String[] tokens = line.split( cvsSplitBy );
     double d =  Double.valueOf( tokens[2] );
     double e = Double.valueOf( tokens[3] );

     FieldName fieldName = requiredModelFeatures.get(0);

     // In this instance I know there is only one feature
     // For a production system this would be performed in a transformation stage and may collect data externally.
     FieldValue value = evaluator.prepare(fieldName, Double.valueOf(d));
     features.put( fieldName, value );

     Map results = evaluator.evaluate( features );

     // Convert back to original ring value so the prediction become meaningful.
     double y = (Double)results.get( evaluator.getTargetField());
     int predictedRings = (int) Math.abs( Math.pow( 10, y));

     int expectedRings = (int) Math.abs( Math.pow( 10, e));

     double diameter =  Math.pow( 10, d);
     System.out.println(String.format("Diameter %f - Expected rings %d : Predicted rings: %d", diameter, expectedRings, predictedRings));

The section below presents the predictions performed using the JPMML linear regression evaluator using the passed offline R model. As you can see they are not perfect but the algorithm is generalizing reasonable well give the minor effort placed to build the model.
    Diameter 0.225000 - Expected rings 7 : Predicted rings: 6
    Diameter 0.530000 - Expected rings 11 : Predicted rings: 11
    Diameter 0.500000 - Expected rings 11 : Predicted rings: 11
    Diameter 0.460000 - Expected rings 8 : Predicted rings: 10
    Diameter 0.270000 - Expected rings 7 : Predicted rings: 7
    Diameter 0.510000 - Expected rings 11 : Predicted rings: 11
    Diameter 0.295000 - Expected rings 10 : Predicted rings: 7
    Diameter 0.450000 - Expected rings 9 : Predicted rings: 10
    Diameter 0.350000 - Expected rings 7 : Predicted rings: 8
    Diameter 0.195000 - Expected rings 6 : Predicted rings: 5
    Diameter 0.435000 - Expected rings 18 : Predicted rings: 10
    Diameter 0.410000 - Expected rings 11 : Predicted rings: 9
    Diameter 0.455000 - Expected rings 9 : Predicted rings: 10
    Diameter 0.440000 - Expected rings 11 : Predicted rings: 10
    Diameter 0.270000 - Expected rings 7 : Predicted rings: 7
    Diameter 0.495000 - Expected rings 11 : Predicted rings: 11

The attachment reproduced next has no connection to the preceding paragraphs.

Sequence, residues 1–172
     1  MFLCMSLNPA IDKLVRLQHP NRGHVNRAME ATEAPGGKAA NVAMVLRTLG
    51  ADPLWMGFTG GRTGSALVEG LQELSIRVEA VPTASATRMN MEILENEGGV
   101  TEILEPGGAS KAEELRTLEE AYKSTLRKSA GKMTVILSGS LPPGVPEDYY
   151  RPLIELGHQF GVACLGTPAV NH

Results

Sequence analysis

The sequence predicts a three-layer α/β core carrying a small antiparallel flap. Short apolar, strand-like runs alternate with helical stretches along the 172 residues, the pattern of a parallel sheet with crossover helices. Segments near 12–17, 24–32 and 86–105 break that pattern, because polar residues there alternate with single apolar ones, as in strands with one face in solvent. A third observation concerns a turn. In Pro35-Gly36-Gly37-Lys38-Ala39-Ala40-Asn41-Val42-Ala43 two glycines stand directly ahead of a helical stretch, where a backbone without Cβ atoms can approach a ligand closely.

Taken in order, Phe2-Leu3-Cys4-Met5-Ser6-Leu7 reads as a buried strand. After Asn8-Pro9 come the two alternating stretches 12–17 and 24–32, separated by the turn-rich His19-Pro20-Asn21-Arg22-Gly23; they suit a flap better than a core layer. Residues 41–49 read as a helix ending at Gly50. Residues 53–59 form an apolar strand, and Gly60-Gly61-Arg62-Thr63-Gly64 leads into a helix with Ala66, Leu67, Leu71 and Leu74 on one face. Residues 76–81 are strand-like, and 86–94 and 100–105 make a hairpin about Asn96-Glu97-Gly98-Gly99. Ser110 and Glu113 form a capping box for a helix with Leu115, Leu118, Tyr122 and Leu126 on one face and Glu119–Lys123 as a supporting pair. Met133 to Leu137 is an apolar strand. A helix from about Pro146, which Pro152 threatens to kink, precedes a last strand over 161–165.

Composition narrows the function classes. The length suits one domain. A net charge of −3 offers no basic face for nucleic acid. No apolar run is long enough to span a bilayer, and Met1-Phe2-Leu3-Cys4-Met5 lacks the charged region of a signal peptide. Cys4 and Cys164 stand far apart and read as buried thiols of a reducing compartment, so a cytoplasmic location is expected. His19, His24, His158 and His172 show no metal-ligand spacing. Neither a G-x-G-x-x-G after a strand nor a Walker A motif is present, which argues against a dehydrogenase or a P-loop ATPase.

Diameter 0.525000 - Expected rings 11 : Predicted rings: 11
    Diameter 0.205000 - Expected rings 3 : Predicted rings: 5
    Diameter 0.510000 - Expected rings 10 : Predicted rings: 11
    Diameter 0.375000 - Expected rings 8 : Predicted rings: 9
    Diameter 0.135000 - Expected rings 5 : Predicted rings: 4
    Diameter 0.465000 - Expected rings 11 : Predicted rings: 10

This now concludes the R to Java PMML integration sessions. My next algorithm I will be looking at is k-NN using the same technique. If you require any further information on how I did this please email me directly.

Saturday, 29 March 2014

Linear Regression in R to PMML (Part 1)

As a part of my efforts to increase my understanding of machine learning algorithms I am putting together a set of blogs to experiment algorithm usage. My chosen languages are R, Java and Python to implement, train and test algorithms. I am very much a novice in the area of R but very much the opposite in Java, so any feedback is most welcome.

Models will be created in R and will be exported using Predictive Model Markup Language (PMML). This enables cross language support for ML algorithms while providing the platform to perform deep offline learning using Big Data solutions, SAS and GreenPlum DB are good platform examples to investigate.

The first ML algorithm I shall start with is the most basic; linear regression. This project I shall be using the famous abalone dataset to predict the number of rings an abalone would have based on a set of chosen features. To acheive this I shall be using R to train and validate the model, PMML model export and a Java JPMML example to read the resulting offline model to predict number of abalone rings from the held out test set. So lets get started.

Data Preparation stage
First load the data, add the column names, select required features and scale only those features. In this instance the data does not need to be cleaned.
require(pmml)     # Exporting the model in xml
require(ggplot2)  # Visualization

# Load the data
abalone <- read.table("../data/abalone.csv",sep=",", header=TRUE)